On being a good leader

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    In Exodus 3, Moses had his first encounter with God through the burning bush.  God heard the crying out of His people in the hands of the Egyptians.  God wanted to rescue them and asked Moses “to bring them up out of that land into a good and spacious land, a land flowing with milk and honey.”

    But Moses was adamant.  “Who am I, that I should to go Pharaoh and bring the Israelites out of Egypt,” Moses told the Almighty.  To Moses, being a leader was a big responsibility.  And he never had any idea of being one.

    “The first responsibility of a leader is to define reality,” suggests Max DePree.  “The last is to say thank you. In between the two, the leader must become a servant and a debtor. That sums up the progress of an artful leader.”

    George Roby, owner and manager of the Arrowhead International Wildlife Management Consulting firm based in Claremont, California, has written a very timely essay on ten elements of being a successful leader.  The elements, which are nothing magic or earthshaking, are worth sharing:

    1. Be yourself.  Don’t try to be what you are not.  What worked for others may or may not work for you.  Be what you are today.  Individuals cannot drastically change their personalities and management style.  Hitler was a leader and so was Jim Jones.  Jesus of Nazareth, Martin Luther King, Jr., Winston Churchill, and John F. Kennedy all were leaders.  But their value systems and management abilities were very different.

    “Learn as much as you can, take the gems from the training, books, and role models that fit your traits best (negative and positive),” Roby suggests.  “Watch other leaders, the good and the bad, and learn from those examples.  Once you blend these gems with your own traits, experiment, then experiment some more.”

    A leader has to maximize his strengths and minimize his weaknesses.  “Capitalize on your basic strengths that have taken you to where you are today, and then enhance them,” Roby says.  “Learn your weaknesses and minimize them.”

    2. You can’t treat people the same way, but you must treat them equally.  Treat everyone fairly.  People have different goals, interests, background, needs (personal and professional), skills, problems, and contributions.  “You must treat people with dignity and respect, and you expect the same in return,” points out Roby.  “Earn respect and set the example by respecting others.”

    3. Learn to delegate and see that others do also.  “Delegation is more an art than it is a science,” Roby says.  “The age of specialization demands delegation.  Today’s and tomorrow’s leaders will have considerable difficulties being a successful leader if they do not learn the art of effective delegation.”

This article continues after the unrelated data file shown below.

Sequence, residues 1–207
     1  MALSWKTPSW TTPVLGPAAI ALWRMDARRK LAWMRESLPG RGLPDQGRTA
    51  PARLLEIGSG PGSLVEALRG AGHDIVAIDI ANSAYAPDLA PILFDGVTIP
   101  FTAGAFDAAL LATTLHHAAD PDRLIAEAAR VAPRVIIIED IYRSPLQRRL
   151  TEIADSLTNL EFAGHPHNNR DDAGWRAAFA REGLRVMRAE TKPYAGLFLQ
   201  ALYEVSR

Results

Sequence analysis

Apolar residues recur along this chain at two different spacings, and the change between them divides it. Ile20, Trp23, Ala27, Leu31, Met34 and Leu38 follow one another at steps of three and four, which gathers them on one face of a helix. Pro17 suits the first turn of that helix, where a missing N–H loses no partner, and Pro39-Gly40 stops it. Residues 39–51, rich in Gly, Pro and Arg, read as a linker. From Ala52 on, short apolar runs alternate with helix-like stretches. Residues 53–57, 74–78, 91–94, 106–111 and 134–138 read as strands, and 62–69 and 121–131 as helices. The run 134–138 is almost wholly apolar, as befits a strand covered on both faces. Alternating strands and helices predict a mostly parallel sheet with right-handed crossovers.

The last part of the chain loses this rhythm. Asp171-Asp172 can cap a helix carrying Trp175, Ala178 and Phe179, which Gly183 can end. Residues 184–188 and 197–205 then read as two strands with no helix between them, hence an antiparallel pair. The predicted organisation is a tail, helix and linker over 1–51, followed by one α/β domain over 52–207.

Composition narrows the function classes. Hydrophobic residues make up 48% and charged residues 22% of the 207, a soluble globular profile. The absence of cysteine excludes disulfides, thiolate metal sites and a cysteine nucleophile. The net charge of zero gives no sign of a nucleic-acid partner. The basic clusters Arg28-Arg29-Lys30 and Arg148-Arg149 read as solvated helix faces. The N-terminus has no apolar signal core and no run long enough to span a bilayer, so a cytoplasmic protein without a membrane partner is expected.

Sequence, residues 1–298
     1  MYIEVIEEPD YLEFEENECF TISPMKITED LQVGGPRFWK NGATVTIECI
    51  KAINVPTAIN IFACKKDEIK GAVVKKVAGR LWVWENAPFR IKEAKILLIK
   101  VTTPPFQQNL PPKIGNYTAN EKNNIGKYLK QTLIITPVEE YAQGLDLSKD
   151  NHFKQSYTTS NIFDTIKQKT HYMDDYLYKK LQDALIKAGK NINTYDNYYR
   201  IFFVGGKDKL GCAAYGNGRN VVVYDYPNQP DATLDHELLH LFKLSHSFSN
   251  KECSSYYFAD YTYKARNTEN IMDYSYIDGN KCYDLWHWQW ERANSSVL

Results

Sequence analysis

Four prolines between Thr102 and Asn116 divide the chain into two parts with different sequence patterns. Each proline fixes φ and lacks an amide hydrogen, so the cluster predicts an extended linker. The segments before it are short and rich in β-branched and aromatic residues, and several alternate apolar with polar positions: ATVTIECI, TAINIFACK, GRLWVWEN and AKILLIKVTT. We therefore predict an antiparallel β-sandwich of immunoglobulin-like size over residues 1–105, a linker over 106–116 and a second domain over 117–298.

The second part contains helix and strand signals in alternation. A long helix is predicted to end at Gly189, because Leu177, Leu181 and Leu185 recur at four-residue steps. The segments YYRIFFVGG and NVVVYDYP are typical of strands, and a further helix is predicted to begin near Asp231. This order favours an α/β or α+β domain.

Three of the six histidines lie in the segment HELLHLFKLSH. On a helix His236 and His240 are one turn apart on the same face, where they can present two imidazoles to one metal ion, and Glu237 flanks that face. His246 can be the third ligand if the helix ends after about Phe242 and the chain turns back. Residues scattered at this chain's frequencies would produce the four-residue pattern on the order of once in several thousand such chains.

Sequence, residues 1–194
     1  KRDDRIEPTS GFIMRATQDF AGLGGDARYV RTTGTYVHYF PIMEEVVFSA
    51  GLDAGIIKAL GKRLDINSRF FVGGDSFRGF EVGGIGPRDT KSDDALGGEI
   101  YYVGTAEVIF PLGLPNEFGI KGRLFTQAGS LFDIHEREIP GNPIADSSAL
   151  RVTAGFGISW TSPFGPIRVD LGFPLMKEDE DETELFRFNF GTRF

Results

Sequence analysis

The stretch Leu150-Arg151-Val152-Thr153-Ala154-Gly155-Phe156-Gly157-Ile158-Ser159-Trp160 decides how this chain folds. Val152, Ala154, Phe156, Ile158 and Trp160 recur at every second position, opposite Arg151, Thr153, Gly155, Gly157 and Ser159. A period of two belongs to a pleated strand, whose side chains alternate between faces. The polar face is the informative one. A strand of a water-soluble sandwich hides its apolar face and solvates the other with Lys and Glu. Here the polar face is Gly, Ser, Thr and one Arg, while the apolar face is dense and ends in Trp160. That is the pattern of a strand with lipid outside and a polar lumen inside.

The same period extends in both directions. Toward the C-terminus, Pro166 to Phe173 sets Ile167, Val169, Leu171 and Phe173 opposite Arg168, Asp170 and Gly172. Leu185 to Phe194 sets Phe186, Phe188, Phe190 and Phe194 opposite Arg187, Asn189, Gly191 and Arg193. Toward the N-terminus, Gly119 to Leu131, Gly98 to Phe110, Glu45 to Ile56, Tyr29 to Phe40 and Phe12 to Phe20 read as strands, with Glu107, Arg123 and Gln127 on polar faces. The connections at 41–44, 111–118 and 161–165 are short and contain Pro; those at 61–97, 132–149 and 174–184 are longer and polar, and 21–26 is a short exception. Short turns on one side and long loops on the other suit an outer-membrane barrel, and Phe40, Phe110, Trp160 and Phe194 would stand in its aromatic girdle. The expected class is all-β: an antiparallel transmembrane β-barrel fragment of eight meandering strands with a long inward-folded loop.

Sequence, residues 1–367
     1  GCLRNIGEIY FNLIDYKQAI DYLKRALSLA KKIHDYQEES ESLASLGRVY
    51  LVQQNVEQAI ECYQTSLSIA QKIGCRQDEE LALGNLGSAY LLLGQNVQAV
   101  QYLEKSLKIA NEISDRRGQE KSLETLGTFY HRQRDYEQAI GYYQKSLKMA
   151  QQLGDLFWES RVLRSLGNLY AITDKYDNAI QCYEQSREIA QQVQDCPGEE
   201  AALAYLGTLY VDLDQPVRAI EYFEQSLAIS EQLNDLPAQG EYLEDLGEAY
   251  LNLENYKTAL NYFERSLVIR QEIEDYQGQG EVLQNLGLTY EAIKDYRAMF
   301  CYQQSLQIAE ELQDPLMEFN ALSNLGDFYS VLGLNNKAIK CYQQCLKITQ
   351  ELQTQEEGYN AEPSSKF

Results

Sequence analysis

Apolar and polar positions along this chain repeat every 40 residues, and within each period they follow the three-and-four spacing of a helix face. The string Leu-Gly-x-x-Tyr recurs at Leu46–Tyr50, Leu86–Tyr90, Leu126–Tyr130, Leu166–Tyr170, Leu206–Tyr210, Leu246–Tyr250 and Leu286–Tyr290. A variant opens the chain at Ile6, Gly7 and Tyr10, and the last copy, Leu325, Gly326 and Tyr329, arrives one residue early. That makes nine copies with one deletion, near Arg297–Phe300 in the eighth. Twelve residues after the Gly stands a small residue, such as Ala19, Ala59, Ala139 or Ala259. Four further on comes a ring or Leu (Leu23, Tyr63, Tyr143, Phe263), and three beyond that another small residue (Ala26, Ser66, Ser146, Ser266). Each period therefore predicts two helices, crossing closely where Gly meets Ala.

4. Trust those you delegate to.  If you don’t trust a person, then don’t delegate the task to that person.  “Human nature, with few exceptions, is that people want to do a good job.  It may not get something done exactly the way you would have done it, but most individuals will do the best they can with their understanding of what it was you wanted,” Roby states.

    Here’s a word of wisdom: “You must empower people and mean it.  Trust!  Do this and you’ll find it easier to meet deadlines; moreover, quality need not suffer.  The piles of paper or backlog of projects on your desk will start disappearing.”

    5. Recognize performance, good and bad.  Remember, it takes 10 bouquets to remove one dagger.  The key is to start on positive side of people, not the negative.  “Try to recognize the positive with employees before inserting a dagger,” Roby suggests.  “Deposit a few bouquets before withdrawing your dagger.”

    6. Support your personnel through good times and bad times.  They’ll be there when you need them if you’re there when they need you.  Be fair and equitable, and they will still be there when you need them, whether or not it’s an award or disciplinary action.  “Every individual is a chapter to your success as a leader once you learn to read them,” Roby informs.

    7. Listen.  It is lonely up there and to beat that loneliness, you must listen to your subordinates and peers.  Everyone has something to offer.  Listen, analyze, make an educated decision, and hope you make the right decision most of the time.  “Listen to all levels of the organization, especially those below you,” Roby says.  “They are the key to your being successful because they carry out the job you’re expected to do.  They can also help you identify your strengths and weaknesses.”

    8. Be flexible.  There is no one style that will meet every need.  You need to be able to go from one style or strategy to another as needs change or as situation calls for.  “Be willing to change,” Roby says.  “Be flexible depending on the situation.  Learn how to operate effectively in different modes.”

    9. Learn to establish priorities and hold your ground.  You will never get al of the job done.  “We have a deep-rooted reluctance to say we can’t do something,” Roby states.  “It’s easier to hold our ground if we prioritize by ‘must do,’ ‘want to,’ and ‘nice to do’ categories.  We do a pretty good job of setting priorities, but we’re terrible at holding our ground and carrying them out as set.”

    10. Admit mistakes.  “Don’t try to fool people when you make a poor decision,” Roby says.  “They already know you’ve made it, and you only make yourself look worse when you ignore or deny it.  Admit your mistakes immediately.  It disarms your critics and helps you regain your credibility.”

    Not any one individual has all the answers.  Admit you don’t know it all.  Martin Luther King, Jr. said it right: “The ultimate measure of a man is not where he stands in moments of comfort, but where he stands at times of challenge and controversy.”


    For comments, write me at henrytacio@gmail.com

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